Embezzler repays town some of what’s owed

KINDERHOOK–The Town Board learned last week that the town has received just under $50,000 in reimbursement from Pegeen Mulligan-Moore for money she embezzled over several years working in the town office for the former supervisor.

“We are getting closer,” said Supervisor Pat Grattan, who added that the town is still owed over $100,000 by Ms. Mulligan-Moore.

Mr. Grattan, who was not in office when the embezzlement took place, has promised that he will get the money paid back.

Also at last week’s Town Board meeting, the board decided to publish a request for proposal (RFP) for town engineer. Mr. Grattan said he was opposed to looking for a new engineer because he’s happy with the work done by Pat Prendergast, the current engineer.

Mr. Grattan said the town paid Mr. Prendergast $10,000 last year for his services and that he attended every Planning Board meeting. Mr. Prendergast was at the Town Board meeting for this discussion.

“I don’t think we are going to get as good service for the economical price we get,” Mr. Grattan said of Mr. Prendergast.

The three board members who voted in support of the RFP all said it had nothing to do with Mr. Prendergast’s work for the town. “It’s fair and right that we send it out for public review,” said board member Glenn Smith.

“We can say this is what’s out there and this is what we have,” said new board member Deborah Simonsmeier of advertising for the position. And Tim Ooms, also new on the board,  praised Mr. Prendergast. Mr. Ooms said the members were doing what was in the best interests of the people the board represents, which involves looking at other possibilities and costs for the work.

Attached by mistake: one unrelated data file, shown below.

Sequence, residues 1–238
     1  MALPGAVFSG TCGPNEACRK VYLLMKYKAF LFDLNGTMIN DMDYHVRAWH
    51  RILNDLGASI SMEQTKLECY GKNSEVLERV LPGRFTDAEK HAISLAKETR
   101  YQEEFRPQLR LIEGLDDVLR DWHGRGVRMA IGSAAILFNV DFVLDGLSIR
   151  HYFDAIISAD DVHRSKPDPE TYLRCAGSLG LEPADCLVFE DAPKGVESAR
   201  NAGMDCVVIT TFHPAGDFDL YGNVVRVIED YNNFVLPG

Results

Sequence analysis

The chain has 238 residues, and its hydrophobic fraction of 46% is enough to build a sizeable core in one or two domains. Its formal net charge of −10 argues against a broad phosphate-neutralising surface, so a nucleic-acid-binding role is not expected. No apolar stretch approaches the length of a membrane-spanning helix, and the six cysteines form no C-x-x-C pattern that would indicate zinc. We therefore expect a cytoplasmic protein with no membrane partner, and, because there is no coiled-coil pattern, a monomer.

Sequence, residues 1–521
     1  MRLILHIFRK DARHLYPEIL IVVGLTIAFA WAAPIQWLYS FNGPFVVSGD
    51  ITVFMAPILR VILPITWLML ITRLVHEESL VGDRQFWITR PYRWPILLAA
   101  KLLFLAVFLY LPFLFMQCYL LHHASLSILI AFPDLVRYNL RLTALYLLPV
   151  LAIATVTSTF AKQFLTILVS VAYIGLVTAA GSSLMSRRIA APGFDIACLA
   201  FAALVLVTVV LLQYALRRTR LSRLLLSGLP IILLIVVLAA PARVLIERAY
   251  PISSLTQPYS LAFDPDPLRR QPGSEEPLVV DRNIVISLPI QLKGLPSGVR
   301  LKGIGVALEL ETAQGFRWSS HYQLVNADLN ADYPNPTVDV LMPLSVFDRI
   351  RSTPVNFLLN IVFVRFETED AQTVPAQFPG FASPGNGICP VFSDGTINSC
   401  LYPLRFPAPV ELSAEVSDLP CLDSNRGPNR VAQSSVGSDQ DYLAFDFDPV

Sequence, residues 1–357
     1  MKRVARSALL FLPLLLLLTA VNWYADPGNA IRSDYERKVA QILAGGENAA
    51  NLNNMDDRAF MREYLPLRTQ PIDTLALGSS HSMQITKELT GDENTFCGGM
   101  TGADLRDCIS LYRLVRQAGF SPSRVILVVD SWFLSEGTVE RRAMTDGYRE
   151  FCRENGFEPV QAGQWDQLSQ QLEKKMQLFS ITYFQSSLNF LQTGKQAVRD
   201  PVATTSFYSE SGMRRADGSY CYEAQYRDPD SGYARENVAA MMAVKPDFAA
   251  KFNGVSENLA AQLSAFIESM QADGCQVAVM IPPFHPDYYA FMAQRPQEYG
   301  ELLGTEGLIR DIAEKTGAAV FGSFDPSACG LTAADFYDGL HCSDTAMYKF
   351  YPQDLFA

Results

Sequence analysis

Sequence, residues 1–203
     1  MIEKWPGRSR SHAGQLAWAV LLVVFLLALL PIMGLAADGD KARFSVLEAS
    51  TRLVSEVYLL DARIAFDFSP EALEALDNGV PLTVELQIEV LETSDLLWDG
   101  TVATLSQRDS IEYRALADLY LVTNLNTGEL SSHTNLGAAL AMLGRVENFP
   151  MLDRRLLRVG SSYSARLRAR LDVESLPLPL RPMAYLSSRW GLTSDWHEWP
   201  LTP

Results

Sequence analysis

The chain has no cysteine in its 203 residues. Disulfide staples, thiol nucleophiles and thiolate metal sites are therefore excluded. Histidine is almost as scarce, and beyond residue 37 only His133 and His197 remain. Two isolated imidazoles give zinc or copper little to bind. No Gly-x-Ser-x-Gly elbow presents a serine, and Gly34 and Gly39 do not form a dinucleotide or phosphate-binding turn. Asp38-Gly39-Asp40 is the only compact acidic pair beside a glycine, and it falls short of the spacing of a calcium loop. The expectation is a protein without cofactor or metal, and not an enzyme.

Mr. Prendergast said he has worked with the town for 10 years and asked whether he would need to submit application for the position. Mr. Grattan, who voted again publishing the RFP–board member Pasty Leader abstained–said that Mr. Prendergast would have to apply.

In other business, the town’s codes will now be online at ecode360, a website at www.generalcode.com that is used by other towns, including New Lebanon, to publish their laws and regulations. The codes are easily searchable on the website and former board member Peter Bujanow said that eventually sections can be cut and pasted into building and zoning applications, which will also be online.

“We are working on some big changes,” he told the board of a new website he hopes to launch soon for the town.

Mr. Grattan ended the meeting with a remembrance of two town residents who died this month. Edward Habeck, Sr., 87, who died on February 4, was dedicated to issues in the community, said Mr. Grattan, who added that Mr. Habeck had owned the Toyota dealership and “employed lots of people in this town.”

He also remembered Lillian Roginski, the village tax collector. “She was part of the fabric of this community,” he said. Ms. Roginski died on February 5 at the age of 82.

The board appointed Deidre Curtis as tax collector at a special meeting last week.

The next Town Board meeting will be Monday, March 12 at 7 p.m. at the town hall in Niverville. The board is hosting a joint neighborhood watch meeting with the Village of Valatie Thursday, February 23 at 7 p.m. at Barnwell Nursing home.

 

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